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Church of the Ascension
Ascension Church Malvern Link.jpg
Church of the Ascension, Malvern Link
52°07′41″N 2°19′52″W / 52.127969°N 2.331116°W / 52.127969; -2.331116
Location Malvern Link, Worcestershire
Country United Kingdom
Denomination Anglican
Founder(s) Louisa Vavasour Livingstone
Dedicated 3 October 1903 (1903-10-03)
Consecrated 4 October 1989 (1989-10-04)
Functional status Active
Heritage designation Grade II Listed
Designated 20 June 1991 (1991-06-20)
Architect(s) Walter Tapper
Style Early English
Years built 1902 to 1903
Parish Malvern Link with Cowleigh
Deanery Malvern
Archdeaconry Worcester
Diocese Worcester
Vicar(s) As of 22 April  2018 (2018 -04-22), The Rev. Phillip Johnson

The first completed work by the renowned architect Sir Walter Tapper, this is a Grade II listed church in the parish of Malvern Link and Cowleigh. The church was the gift of Louisa Vavasour Livingstone in memory of her husband Arthur Guinness Livingstone, the former Archdeacon of Sudbury. The foundation stone was laid on 19 December 1902, and dedicated by Bishop Charles Gore of Worcester on 3 October 1903.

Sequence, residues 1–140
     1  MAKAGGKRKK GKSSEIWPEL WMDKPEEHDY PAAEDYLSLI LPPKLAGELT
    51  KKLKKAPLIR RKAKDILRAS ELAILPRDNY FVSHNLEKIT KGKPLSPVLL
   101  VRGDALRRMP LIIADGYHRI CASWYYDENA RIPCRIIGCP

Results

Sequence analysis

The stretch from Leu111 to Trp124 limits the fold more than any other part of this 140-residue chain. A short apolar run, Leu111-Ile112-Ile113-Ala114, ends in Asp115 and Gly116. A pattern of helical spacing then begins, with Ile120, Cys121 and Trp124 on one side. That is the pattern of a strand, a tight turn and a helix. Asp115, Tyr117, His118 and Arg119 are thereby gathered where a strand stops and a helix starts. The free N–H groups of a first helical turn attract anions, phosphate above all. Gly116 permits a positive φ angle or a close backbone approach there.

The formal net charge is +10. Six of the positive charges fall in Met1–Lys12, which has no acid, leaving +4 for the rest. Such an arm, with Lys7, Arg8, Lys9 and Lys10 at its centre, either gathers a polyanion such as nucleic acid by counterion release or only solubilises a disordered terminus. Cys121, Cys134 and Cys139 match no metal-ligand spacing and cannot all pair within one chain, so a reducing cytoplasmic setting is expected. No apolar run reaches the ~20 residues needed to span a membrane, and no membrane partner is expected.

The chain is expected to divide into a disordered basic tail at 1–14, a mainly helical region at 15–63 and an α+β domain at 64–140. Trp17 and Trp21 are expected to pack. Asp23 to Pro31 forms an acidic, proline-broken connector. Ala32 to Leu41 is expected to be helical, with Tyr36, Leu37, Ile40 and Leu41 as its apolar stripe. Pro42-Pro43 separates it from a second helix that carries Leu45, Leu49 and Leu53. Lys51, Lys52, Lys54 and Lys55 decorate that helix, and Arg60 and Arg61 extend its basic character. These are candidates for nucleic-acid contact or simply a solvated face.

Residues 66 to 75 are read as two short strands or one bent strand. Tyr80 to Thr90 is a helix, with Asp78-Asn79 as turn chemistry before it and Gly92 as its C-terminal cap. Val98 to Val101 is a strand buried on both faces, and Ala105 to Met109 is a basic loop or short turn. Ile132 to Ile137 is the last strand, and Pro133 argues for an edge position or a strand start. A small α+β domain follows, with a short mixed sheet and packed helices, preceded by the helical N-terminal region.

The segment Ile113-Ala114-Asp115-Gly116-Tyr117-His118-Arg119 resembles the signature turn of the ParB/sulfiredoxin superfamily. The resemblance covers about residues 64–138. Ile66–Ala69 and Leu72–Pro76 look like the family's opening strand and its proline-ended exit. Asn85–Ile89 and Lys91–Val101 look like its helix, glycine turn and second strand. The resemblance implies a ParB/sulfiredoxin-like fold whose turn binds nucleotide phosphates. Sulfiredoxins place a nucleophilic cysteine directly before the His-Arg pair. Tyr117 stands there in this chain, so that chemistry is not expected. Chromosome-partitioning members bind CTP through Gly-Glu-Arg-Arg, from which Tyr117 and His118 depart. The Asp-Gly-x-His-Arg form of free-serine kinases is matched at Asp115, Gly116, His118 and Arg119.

As the church was paid for entirely by Mrs Livingstone, the parish used funds allocated to a planned Mission Hall for Newtown to instead build the hall adjacent to the Church.

The grounds have not been consecrated for burial.


The design is in the Early English style with lancet windows, and features a stone relief of the Ascension by Harry Hems on the tower. Twelve yew trees line a path to the main South door. There is no other external decoration. The nave roof is of Cumberland slate and the stonework is from Guiting quarry in the Cotswolds.

The tower contained two bells until the sixties, when they were sold to raise money for electrical work.


The high altar is of stone, a feature of the influence of the Oxford Movement, with a triptych hanging above it, which is closed during Lent. The saints portrayed on the triptych are connected with the life and work of Arthur Livingston: St Patrick (Irish ancestry); St Frideswide (depicted with Christchurch, Oxford, where Livingstone was educated); Hugh of Lincoln; The Venerable Bede, as Livingston was Canon of Durham; St Ethelreda of Ely and St Edmund of East Anglia, due to Livingstone's connection with Sudbury. This is the work of Sister Catherine Ruth of the All Saints' Community, Margaret St., London.

The chancel screen, the font cover and the cross and candlesticks on the altar are the work of George Bainbridge Reynolds, while the rood is the work of an unknown artist from Oberammergau.


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